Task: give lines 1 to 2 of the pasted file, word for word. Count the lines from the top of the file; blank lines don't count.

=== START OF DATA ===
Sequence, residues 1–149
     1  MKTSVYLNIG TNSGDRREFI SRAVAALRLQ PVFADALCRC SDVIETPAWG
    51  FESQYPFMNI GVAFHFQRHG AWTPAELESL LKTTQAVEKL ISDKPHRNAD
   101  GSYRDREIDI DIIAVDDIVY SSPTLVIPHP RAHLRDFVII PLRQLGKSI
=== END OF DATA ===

Sequence, residues 1–149
     1  MKTSVYLNIG TNSGDRREFI SRAVAALRLQ PVFADALCRC SDVIETPAWG